Second, we invite one history and English teacher to work with each class in creating their show.  These teachers donate only one hour of their time, and we thank them by providing free tickets for their families to see the final shows.  We’ll get into what these teachers actually do in a moment.

Now that you’ve got the pre-production structure, let’s get into the festival itself.  On Thursday, all student participants must meet together for a meeting.  During this meeting, we go over the festival guidelines and important information like scheduling.  Once you’ve finished imparting wisdom, allow each class to break off and give them 15 minutes to decide who is doing what.  

Wait—didn’t we already decide on the leadership team?  Yes, we decided the leaders, but each leader can have a crew.  For example, the head writer does not have to write alone but can have a team of writers.  This is the time where each class also decides who will fill an unassigned leadership role.  Typically someone steps up to the plate or someone does double-duty in two roles. Each class also needs to write down their list of actors, as the writers will have to include a part for every actor on the team. 

Once each class was finished, gather everyone back together.  In your hand are 8 sealed envelopes, each containing a theme.  Example themes include “don’t judge a book by its cover, “family,” “silence,” whatever you can think of!  Each head writer chooses an envelope and reads the theme out loud for everyone to hear.  Once each class has selected an envelope, let them know that they can keep their theme or choose a new envelope.  If they choose a new envelope, they give up their old theme and have to go with the new theme they choose.  This adds a flair of drama that ultimately gives students a sense of ownership over the theme.  For an extra challenge, you can do the same thing with a line or prop they must include.

Now, the final twist of the evening: each show must be based on something in history.  Basing the shows on history provides clear interdisciplinary learning, but also encourages the history teachers to advertise the event.  Many of our history teachers go so far as providing extra credit to students who attend our class plays.  

Each class is given ten minutes to brainstorm together with the head writer running the discussion, after those ten minutes the bell rings and everyone must split up into three groups.  The directors take the actors to do community-building games and acting exercises.  The techies stay for a how-to workshop with our volunteer alumni or senior leaders (how to sound design, light design, etc.).  The writers and dramaturgs leave to work with their assigned history teacher.

The history teacher is a resource for each team for only one hour, and it is up to each team to use the time wisely.  After one hour has passed, the history teacher is no longer allowed to assist the team, and it’s time for the English teacher.  The English teacher also has only one hour to assist the team in the writing process.   It is important to let the teachers know that they are there not to run the event but as resources, consultants, and guides for each team.  Having teachers be a part of the formation process also ensures that our family-friendly rules are minded.

At the end of the English teacher’s time, writers are given an hour and a half to finish a script.  This makes our Thursday schedule look like this: 2:30-3:30 event meeting, 3:30-4:30 history, 4:30-5:30 English, 5:30-7:00 script writing. Collect a script from each team and send them home for well-deserved rest.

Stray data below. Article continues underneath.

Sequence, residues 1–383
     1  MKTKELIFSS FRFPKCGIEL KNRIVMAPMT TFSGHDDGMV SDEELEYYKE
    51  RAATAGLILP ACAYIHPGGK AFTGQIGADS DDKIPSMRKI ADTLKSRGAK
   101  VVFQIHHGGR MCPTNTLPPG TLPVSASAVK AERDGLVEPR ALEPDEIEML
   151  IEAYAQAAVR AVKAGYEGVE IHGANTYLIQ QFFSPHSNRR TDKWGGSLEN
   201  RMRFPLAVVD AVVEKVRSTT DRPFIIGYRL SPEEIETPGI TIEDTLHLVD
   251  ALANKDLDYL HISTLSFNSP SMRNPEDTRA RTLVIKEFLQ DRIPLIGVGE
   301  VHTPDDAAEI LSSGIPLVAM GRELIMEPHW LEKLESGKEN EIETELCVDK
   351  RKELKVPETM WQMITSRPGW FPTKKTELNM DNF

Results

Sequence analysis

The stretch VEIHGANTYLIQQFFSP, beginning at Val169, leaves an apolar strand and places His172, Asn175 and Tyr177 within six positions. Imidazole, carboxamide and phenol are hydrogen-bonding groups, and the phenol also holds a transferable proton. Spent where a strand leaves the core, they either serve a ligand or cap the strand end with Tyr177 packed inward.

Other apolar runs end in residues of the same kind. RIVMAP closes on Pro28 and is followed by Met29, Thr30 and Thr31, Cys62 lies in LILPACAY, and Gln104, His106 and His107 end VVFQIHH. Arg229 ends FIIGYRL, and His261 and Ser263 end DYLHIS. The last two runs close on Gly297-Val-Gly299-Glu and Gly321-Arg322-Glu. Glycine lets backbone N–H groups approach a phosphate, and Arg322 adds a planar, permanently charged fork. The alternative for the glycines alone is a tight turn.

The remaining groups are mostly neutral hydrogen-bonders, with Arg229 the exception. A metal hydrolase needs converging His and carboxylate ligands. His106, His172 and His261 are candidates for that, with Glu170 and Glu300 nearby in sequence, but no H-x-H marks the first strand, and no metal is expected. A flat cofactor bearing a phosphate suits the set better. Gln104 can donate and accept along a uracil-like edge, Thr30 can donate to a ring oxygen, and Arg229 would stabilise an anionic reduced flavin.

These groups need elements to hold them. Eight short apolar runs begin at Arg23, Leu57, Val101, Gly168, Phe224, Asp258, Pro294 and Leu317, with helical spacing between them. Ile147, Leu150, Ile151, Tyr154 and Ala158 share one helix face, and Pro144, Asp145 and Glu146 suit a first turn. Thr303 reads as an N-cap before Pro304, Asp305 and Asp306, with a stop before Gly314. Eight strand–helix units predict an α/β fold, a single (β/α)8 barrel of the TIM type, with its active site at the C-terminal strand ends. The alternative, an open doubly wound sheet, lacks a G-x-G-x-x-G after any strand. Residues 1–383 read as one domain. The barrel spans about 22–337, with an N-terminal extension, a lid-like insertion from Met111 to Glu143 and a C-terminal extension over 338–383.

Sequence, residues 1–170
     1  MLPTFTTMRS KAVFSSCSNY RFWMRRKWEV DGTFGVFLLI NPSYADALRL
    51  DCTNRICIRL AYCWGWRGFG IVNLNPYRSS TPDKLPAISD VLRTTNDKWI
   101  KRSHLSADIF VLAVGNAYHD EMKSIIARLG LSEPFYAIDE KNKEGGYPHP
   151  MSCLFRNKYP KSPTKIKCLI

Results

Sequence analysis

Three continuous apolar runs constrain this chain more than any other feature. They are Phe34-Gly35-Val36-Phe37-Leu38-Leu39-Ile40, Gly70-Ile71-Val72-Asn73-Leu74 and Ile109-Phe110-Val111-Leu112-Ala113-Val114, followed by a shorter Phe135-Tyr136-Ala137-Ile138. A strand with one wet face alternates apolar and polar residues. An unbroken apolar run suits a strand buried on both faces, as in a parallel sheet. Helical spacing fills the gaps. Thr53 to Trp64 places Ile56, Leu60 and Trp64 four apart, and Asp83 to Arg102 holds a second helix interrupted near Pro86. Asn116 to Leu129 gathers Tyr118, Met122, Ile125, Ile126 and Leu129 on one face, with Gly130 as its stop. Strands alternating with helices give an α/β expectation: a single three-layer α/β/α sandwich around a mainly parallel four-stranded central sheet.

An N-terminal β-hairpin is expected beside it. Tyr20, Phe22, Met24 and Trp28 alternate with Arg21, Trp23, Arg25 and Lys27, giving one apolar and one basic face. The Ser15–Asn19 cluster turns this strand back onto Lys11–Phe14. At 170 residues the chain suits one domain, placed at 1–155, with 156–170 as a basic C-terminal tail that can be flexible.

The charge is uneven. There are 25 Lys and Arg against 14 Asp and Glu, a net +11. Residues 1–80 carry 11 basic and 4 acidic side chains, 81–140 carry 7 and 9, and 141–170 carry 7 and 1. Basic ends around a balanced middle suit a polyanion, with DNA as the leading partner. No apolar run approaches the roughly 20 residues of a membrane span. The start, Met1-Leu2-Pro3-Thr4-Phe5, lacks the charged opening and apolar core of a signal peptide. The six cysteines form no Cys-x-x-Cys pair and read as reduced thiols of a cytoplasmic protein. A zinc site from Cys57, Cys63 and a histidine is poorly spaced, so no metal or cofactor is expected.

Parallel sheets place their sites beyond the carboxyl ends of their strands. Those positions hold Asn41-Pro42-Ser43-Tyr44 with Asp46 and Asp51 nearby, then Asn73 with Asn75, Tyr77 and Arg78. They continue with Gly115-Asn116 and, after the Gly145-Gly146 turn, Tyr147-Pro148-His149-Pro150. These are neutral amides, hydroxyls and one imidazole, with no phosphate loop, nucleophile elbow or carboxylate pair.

Completing the bulk of the writing process on Thursday gives you and your administration time to read the scripts during school on Friday.  This allows you to make any necessary edits and get an idea of what each team will need.

Now it’s time for the big day: Friday.  Each team gathers for a script reading--no one but the writers have seen the script until this moment.  Can’t you feel the excitement?!  After the script read, the directors must complete the casting process.  

During the casting process, each technician begins to make their lists and form their ideas.  Once the casting process is finished, the actors begin familiarizing and memorizing their part, while the director holds a production meeting with the designers.  After the production meeting, rehearsals begin and the technicians are off.  We work until a hard stop at 11:00pm, then everyone must go home!

Sleepily we gather in the theater Saturday morning at 9:00am, and the work continues.  Each team is given time in the theater for tech, starting with the seniors and ending with the freshmen.  Writers can make adjustments to the scripts throughout the process, but you must approve them all.

After the day of work, the shows begin at 7:00pm.  We perform with freshmen first, seniors last, intermission after the sophomores.  Each director comes out to introduce their show, as we have no programs.  We film each performance and sell DVDs as an additional income source.  After the senior's performance, the adjudicators leave to deliberate, and we invite our audience to stay for the awards.  Many families leave at this point to put kids to bed, but our improv team entertains our remaining audience while each class goes to clean up their space.  The adjudicators come back and we all gather in the theater to hear the honors. 

Wow!  Now you are done and feel like you can sleep forever.  If you are like me, you value your beauty sleep, and that was the basis for this format. On Thursday, we give 4.5 hours.  Friday is 8.5 hours.  Saturday is 9 hours of rehearsal and 2 hours for the performance.  All together we get 24 hours!

As always, it is important that you customize the experience for your community.  For your festival, you may choose not to use the history and English teachers. Many professional theaters run 24-hour play festivals.  See if a there is a local festival near you.  Other formats have you working for the 24-hours straight.  Check out Lindsay Price’s straight 24-hour format here:

How does your school host a play festival?  What unique fundraisers have you found success with?